Kwanzaa Founder Maulana Karenga Visits Oberlin

December 10, 2019

Jane Hobson ’22

Man in African attire standing behind a table with a candle holder of 9 lit candles.
Maulana Karenga gave a talk explaining the seven principles of Kwanzaa.
Photo credit: Lucie Maria Weismueller

As part of Oberlin’s annual celebration of Kwanzaa, the holiday’s founder, Maulana Karenga, visited campus to deliver a lecture and lead the Kwanzaa ritual at Afrikan Heritage House.

Currently, Karenga works at California State University, Long Beach as a professor and the chair of Africana studies. Throughout his lifetime, Karenga has been an activist. He was a part of the Black Power movement and started the US Organization. In 1966, Karenga created Kwanzaa, an annual pan-African tradition to commemorate black history and culture. 

During his talk on Sunday titled ’’Living Kwanzaa and the Seven Principles: An All-Seasons Celebration and Practice of the Good,” Karenga explained the history and significance of the holiday as well as the meaning of Nguzu Saba, the seven principles: Umoja (unity), Kujichagulia (self-determination), Ujima (collective work and responsibility), Ujamaa (cooperative economics), Nia (purpose), Kuumba (creativity), and Imani (faith).

Display of lighted candles, ears of corn, red and green apples, and books on a table.
Karenga led the ritual of Kwanzaa at Afrikan Heritage House.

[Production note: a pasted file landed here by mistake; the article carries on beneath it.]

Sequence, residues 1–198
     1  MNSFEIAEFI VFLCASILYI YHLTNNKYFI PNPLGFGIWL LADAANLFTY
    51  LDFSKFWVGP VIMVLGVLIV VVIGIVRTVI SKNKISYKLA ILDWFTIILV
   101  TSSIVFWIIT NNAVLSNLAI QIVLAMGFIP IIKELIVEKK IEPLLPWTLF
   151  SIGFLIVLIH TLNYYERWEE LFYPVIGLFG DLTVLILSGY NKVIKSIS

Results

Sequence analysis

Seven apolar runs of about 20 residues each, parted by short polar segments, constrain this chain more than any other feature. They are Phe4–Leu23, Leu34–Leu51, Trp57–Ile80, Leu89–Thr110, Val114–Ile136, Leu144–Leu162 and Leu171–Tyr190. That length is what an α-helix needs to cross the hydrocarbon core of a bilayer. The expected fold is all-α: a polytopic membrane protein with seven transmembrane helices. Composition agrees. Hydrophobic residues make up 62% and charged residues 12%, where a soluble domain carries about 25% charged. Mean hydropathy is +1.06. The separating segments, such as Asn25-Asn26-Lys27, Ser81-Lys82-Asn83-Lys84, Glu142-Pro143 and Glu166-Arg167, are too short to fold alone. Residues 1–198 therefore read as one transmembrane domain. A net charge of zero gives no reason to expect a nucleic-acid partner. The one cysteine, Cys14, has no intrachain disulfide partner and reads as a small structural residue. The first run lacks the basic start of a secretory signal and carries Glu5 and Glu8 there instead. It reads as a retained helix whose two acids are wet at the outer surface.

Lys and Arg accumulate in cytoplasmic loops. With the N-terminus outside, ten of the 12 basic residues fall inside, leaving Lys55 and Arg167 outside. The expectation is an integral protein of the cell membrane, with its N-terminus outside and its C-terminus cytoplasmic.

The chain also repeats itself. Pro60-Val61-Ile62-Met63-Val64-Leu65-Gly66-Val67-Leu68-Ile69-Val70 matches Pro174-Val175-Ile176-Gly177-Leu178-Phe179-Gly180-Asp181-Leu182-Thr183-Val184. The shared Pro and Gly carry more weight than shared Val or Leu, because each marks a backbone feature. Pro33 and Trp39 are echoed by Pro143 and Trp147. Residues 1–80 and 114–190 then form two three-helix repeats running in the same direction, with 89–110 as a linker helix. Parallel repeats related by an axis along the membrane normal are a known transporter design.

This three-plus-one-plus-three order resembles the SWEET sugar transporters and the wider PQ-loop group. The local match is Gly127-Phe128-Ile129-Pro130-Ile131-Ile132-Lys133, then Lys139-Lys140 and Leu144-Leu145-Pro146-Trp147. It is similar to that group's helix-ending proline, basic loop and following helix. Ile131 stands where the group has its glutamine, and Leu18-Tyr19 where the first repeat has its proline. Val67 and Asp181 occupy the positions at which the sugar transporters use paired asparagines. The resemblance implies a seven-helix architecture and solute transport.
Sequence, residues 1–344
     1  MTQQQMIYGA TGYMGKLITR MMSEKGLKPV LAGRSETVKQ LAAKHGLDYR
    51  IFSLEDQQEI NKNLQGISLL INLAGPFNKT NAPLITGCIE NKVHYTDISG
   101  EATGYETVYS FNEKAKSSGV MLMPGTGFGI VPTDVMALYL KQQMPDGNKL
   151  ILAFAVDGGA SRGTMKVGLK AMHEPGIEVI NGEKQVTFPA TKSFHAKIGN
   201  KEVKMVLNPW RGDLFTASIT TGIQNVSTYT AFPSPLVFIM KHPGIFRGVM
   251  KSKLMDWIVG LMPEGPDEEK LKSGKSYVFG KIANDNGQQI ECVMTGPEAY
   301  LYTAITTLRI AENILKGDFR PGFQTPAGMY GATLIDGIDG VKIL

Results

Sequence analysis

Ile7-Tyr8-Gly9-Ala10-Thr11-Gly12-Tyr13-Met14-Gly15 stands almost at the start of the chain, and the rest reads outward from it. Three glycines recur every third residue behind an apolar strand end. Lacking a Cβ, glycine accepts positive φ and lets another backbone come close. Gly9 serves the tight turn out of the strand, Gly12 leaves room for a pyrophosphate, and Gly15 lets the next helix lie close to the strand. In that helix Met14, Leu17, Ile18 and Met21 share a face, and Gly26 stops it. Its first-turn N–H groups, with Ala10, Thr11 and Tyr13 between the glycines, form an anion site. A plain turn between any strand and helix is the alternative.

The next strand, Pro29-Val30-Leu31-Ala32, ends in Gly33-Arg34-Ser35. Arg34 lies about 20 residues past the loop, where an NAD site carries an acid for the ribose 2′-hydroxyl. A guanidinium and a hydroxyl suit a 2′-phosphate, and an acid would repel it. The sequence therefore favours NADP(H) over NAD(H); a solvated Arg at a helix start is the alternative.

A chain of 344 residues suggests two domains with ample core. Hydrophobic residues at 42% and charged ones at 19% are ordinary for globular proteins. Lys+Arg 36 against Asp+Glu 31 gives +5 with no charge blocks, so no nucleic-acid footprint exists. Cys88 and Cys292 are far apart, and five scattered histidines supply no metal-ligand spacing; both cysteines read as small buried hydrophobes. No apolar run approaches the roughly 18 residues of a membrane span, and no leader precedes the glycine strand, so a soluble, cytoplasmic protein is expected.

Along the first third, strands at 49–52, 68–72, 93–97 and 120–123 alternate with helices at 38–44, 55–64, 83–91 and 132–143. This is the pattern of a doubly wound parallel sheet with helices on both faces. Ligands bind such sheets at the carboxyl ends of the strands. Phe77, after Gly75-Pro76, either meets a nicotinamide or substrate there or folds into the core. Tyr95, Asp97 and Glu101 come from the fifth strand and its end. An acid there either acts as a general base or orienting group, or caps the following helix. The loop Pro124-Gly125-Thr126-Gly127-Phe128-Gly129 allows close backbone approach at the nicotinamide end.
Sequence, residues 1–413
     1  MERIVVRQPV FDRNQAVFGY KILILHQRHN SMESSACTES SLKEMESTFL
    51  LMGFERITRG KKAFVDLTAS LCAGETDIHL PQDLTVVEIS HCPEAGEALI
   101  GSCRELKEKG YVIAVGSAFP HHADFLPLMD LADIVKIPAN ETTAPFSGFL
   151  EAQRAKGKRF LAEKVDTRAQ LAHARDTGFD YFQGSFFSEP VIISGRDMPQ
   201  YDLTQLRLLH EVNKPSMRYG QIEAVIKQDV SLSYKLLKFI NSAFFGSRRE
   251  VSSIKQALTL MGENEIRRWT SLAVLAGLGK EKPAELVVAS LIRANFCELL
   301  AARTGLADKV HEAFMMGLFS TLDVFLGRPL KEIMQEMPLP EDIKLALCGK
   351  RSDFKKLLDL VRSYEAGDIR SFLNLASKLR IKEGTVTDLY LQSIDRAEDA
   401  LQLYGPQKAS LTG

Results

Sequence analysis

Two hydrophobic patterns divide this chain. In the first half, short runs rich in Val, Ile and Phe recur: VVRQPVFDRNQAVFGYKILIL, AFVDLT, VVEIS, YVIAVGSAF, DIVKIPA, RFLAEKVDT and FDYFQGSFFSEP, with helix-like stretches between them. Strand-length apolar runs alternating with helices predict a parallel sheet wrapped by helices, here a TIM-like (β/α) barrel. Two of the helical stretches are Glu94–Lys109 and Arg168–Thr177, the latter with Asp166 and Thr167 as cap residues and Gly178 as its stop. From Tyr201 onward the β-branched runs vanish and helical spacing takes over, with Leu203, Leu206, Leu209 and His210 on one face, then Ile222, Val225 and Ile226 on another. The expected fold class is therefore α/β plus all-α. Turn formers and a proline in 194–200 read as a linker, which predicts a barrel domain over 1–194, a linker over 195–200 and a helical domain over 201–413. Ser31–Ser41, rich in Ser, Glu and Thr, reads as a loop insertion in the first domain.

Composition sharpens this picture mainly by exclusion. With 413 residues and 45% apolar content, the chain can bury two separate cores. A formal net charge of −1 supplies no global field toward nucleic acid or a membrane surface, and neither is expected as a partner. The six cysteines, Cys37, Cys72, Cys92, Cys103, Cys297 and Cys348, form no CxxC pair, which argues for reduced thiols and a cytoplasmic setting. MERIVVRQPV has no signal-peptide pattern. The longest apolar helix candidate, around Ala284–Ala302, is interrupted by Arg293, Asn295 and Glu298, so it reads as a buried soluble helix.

Photo credit: Lucie Maria Weismueller

“Even though our ancestors had lost their language and no longer wore their clothes, they still taught us to be the best of what it means to be African and human in the fullest,” Karenga said. “They teach us to speak truth, to do justice, to honor our elders and our ancestors, to cherish and challenge our children, to care for the poor, to have a rightful relationship with the environment, to constantly struggle against evil, injustice, and oppression, and always raise up praise in pursuit of good.”

Candice Raynor, the director and faculty in residence of Afrikan Heritage House, organized the event.

“In preparation for the Africana studies and A-House 50th anniversary celebration, I went through the archives at the beginning of the semester and saw that Dr. Karenga visited Oberlin in 1977, 1980, and 1983,” Raynor explained.

“I thought it would be cool to invite him back for our 50th anniversary. In addition to special events to mark the occasion, I wanted to make our annual events a little bigger this year. Having the creator of the holiday you’re celebrating come and speak about that holiday is pretty big.”

View more photos from the event in our Flickr album.

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